Intel Haswell-E. Talk about a codename that we've felt like we've been hearing about forever. Ready for enthusiasts, the new processors when paired with the new Wellsburg chipset, or X99 as we know it as, will come together to create your new high-end system that is set to replace the aging X79 platform. It feels like most the time when we use the word "aging" we're talking about something that is a year old. Not the X79 platform, though, this is a platform that has been around for what feels like an eternity.
Gracing us with its presence towards the end of 2011, the X79 chipset has been around for a long time with it tipping almost three years. When it comes to the world of computers, this is a long time. To give you an idea, when it came to other areas, we were looking at the HD 6970 from AMD when it comes to video cards, quad-channel memory kits at speed only as high as 2400MHz DDR and 512GB SSDs that cost nearly $900. Now we've got the dual GPU R9 295X2, kits of memory that support speeds in excess of 3000MHz DDR out of the box, and 1TB SSD drives that are not only a whole lot faster, but also priced at under $700, and some less than that.
If you found yourself as an early adopter to the platform, it's more than possible that you're still sitting on it. While chipsets like the Z87 and Z97 have represented much better value over recent time, the simple fact remains that people who wanted a large amount of cores or video card setups that expanded past two were best buying a system based on the X79 platform due to its strong enthusiast nature. For that reason, my own video card testbed has been based on the X79 chipset since almost launch. Apart from a slight CPU upgrade over that time, it hasn't changed much at all with the ASUS ROG based board continuing to perform exceptionally strong even now.
This is one of the largest PC launches in a long time, as the new platform brings with it not only a whole new chipset, but a shift to brand new DDR4 memory as well. With a new chipset and the shift to DDR4, it's a little hard to figure out where we should be starting first. It's fairly safe to assume that the new Intel Core i7 5960X EE processor is going to be the item that most people will drool over thanks to its $999 price tag and eight cores. For that reason, it's going to be the first piece of the puzzle we're going to look at, and why you're here right now.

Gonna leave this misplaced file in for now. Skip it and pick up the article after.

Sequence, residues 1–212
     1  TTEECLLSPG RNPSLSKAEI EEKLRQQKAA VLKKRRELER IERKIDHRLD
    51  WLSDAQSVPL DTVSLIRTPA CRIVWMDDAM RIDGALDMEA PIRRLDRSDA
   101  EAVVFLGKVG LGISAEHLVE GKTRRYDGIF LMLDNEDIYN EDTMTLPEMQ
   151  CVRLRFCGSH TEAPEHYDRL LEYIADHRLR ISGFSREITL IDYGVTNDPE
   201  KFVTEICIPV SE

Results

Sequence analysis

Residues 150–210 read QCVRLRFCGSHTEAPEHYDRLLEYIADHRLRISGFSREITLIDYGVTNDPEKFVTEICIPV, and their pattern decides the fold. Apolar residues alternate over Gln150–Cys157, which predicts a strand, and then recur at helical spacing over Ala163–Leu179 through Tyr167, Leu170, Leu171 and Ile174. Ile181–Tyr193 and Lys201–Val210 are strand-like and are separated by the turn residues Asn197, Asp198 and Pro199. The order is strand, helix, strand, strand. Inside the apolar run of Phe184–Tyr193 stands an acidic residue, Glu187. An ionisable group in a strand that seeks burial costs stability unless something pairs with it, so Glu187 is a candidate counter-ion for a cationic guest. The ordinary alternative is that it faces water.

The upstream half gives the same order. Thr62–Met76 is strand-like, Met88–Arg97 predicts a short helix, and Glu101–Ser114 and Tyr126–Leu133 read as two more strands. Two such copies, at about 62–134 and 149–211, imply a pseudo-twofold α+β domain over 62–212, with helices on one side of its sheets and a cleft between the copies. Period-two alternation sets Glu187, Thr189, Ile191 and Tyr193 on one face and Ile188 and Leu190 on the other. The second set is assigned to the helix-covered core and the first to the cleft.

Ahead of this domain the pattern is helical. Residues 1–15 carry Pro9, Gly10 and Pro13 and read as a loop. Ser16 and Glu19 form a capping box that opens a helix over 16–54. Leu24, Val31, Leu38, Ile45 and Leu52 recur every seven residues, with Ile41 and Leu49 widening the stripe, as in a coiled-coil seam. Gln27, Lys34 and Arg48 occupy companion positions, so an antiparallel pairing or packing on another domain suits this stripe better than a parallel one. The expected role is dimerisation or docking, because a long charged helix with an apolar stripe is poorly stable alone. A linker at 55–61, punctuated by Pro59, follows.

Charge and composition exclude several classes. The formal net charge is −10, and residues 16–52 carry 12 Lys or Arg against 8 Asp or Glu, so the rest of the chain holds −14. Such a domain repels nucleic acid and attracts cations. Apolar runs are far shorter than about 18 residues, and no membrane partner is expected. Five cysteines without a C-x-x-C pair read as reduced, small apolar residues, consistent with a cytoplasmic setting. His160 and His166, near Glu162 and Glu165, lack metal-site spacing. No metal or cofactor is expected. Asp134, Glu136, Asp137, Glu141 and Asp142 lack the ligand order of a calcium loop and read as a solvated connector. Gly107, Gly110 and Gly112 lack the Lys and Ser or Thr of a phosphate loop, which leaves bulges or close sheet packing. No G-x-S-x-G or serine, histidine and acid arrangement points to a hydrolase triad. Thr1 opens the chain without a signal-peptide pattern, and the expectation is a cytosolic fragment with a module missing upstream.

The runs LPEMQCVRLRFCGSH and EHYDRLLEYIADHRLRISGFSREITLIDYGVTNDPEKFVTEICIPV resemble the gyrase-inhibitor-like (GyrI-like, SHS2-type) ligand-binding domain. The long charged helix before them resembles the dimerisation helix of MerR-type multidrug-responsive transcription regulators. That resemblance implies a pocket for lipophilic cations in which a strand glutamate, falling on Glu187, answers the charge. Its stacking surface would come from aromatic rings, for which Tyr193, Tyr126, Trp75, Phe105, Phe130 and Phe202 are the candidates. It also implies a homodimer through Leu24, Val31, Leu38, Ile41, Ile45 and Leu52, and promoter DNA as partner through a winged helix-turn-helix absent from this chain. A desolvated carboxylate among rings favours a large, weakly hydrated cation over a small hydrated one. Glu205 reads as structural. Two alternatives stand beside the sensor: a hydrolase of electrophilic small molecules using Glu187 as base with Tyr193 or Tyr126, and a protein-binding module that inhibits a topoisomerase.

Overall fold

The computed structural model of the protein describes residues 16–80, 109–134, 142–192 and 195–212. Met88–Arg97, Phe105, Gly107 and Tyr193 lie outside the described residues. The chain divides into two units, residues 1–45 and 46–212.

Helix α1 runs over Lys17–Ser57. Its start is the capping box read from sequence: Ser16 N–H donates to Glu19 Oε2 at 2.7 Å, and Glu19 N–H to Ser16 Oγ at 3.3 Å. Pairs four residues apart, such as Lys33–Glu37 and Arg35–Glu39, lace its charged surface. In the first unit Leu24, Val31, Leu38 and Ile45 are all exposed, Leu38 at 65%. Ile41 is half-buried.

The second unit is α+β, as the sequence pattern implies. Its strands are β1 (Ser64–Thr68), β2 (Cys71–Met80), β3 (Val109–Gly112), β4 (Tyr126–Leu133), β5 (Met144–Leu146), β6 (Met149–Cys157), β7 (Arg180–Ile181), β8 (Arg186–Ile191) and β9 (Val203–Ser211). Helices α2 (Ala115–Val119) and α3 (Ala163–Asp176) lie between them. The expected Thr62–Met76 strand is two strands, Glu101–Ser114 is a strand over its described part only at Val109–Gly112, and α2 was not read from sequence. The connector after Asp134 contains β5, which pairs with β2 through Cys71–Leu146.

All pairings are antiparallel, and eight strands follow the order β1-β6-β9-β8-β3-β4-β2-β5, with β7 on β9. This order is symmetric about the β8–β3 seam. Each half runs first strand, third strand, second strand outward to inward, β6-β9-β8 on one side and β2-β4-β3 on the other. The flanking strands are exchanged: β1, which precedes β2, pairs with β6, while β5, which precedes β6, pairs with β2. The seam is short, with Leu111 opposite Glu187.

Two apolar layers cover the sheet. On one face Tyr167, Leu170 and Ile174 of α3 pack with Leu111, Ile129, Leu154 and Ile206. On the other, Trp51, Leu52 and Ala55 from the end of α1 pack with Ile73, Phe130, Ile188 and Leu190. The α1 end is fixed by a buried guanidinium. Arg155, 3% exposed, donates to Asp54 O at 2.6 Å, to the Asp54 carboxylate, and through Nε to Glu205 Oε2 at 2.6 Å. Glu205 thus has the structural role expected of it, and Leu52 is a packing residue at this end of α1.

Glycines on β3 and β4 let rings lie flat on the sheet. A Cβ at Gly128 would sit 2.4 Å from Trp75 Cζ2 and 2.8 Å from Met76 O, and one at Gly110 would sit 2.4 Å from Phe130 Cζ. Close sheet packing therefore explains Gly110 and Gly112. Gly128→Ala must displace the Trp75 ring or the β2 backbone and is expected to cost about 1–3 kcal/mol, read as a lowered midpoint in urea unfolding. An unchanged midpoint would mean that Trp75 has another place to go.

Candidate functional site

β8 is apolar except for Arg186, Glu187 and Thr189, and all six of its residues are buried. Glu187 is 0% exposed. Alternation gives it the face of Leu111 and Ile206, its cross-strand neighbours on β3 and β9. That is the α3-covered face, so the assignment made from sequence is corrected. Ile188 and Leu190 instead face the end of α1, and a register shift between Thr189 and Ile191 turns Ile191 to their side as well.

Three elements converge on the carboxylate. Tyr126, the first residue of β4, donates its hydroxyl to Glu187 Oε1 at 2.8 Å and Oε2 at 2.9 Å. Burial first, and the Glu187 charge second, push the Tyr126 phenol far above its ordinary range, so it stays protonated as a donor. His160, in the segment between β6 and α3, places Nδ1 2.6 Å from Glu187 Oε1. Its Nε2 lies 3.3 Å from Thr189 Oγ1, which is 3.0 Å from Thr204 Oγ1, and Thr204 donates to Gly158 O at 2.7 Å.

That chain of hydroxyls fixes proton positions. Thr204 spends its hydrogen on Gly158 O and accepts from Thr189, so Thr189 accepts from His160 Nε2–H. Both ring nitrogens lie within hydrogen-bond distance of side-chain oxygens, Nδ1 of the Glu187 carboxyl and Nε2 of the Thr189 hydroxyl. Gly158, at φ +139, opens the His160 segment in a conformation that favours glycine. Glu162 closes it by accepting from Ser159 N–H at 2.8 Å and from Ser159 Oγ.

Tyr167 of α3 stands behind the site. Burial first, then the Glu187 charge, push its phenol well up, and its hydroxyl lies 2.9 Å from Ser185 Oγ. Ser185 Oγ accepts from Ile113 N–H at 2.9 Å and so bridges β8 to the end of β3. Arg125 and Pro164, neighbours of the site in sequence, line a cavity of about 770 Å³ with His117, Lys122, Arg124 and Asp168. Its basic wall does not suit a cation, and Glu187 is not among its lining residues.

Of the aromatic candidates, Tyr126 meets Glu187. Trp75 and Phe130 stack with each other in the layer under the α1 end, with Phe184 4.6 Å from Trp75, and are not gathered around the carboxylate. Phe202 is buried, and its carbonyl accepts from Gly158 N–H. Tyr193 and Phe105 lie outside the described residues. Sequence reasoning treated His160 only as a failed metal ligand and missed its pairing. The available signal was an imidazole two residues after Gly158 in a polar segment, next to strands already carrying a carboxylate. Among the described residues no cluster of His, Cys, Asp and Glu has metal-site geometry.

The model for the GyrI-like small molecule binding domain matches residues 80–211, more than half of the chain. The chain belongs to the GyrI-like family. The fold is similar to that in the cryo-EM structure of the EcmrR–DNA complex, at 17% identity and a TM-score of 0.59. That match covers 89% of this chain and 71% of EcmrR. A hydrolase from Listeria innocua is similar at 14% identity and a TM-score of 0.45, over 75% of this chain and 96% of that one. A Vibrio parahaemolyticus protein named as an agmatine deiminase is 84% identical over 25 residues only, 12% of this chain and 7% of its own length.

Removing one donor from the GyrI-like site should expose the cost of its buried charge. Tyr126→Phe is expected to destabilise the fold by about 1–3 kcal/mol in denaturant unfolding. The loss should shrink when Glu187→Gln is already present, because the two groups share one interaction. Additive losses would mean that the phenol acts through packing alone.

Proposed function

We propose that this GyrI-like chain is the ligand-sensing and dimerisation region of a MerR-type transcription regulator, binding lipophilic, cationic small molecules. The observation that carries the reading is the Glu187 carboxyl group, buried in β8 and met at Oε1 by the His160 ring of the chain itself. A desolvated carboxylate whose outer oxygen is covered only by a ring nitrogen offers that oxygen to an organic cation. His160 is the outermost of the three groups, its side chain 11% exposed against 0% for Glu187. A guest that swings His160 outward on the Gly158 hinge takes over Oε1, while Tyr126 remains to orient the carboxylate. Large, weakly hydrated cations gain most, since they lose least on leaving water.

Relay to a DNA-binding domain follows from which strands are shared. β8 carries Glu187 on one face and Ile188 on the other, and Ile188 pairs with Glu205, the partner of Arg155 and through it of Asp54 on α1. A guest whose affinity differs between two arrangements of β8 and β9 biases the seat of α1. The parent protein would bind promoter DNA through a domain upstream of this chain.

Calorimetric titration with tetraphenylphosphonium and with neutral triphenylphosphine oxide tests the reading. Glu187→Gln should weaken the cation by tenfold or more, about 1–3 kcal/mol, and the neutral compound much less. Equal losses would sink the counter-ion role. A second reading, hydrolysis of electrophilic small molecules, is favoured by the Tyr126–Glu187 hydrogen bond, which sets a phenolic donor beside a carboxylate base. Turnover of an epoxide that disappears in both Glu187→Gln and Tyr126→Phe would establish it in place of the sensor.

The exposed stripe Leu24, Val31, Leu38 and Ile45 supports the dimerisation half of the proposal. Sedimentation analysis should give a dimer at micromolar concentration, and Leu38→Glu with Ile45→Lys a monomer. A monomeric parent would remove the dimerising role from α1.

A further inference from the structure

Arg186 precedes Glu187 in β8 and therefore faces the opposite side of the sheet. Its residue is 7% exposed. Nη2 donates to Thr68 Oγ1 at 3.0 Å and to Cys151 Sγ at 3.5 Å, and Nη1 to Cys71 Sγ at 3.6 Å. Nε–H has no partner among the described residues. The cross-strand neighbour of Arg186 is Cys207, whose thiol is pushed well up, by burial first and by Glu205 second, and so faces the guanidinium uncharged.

While today our main focus will be on the performance of the CPU, we will also be covering the new X99 chipset in the following pages, along with a bit about DDR4. Once we've looked at the processor, we'll be moving into a mountain of X99 based motherboards and DDR4 memory kits that have already gathered in our lab to see just what you should be pairing with this beast of a processor.
At times it can be a little tough to get truly excited about what's going on in the hardware industry. However, with a new high-end chipset, a CPU that sports a bunch of cores and the latest in memory technology, I can say that I'm genially pumped to see how the new platform goes. So, let's leave it here, and see what the new Haswell-E processor line up looks like, before we get into the all-important performance numbers later on in the review.
PRICING: You can find the Intel Core i7-5960X 3.0 GHz Extreme Haswell-E Processor for sale below. The prices listed are valid at the time of writing but can change at any time. Click the link to see the very latest pricing for the best deal.
Last updated: Apr 7, 2020 at 12:33 pm CDT
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- Page 1 [Introduction]
- Page 2 [Haswell-E - The New Processors]
- Page 3 [Wellsburg (X99) - The New Chipset]
- Page 4 [Benchmarks - Test System Setup and Overclocking]
- Page 5 [Benchmarks - PCMark 8, HyperPi and AIDA64]
- Page 6 [Benchmarks - PassMark PerformanceTest, CINEBENCH and Adobe Lightroom]
- Page 7 [Benchmarks - MediaEspresso and Handbrake]
- Page 8 [Benchmarks - Gaming & Power and Temperature Tests]
- Page 9 [Final Thoughts]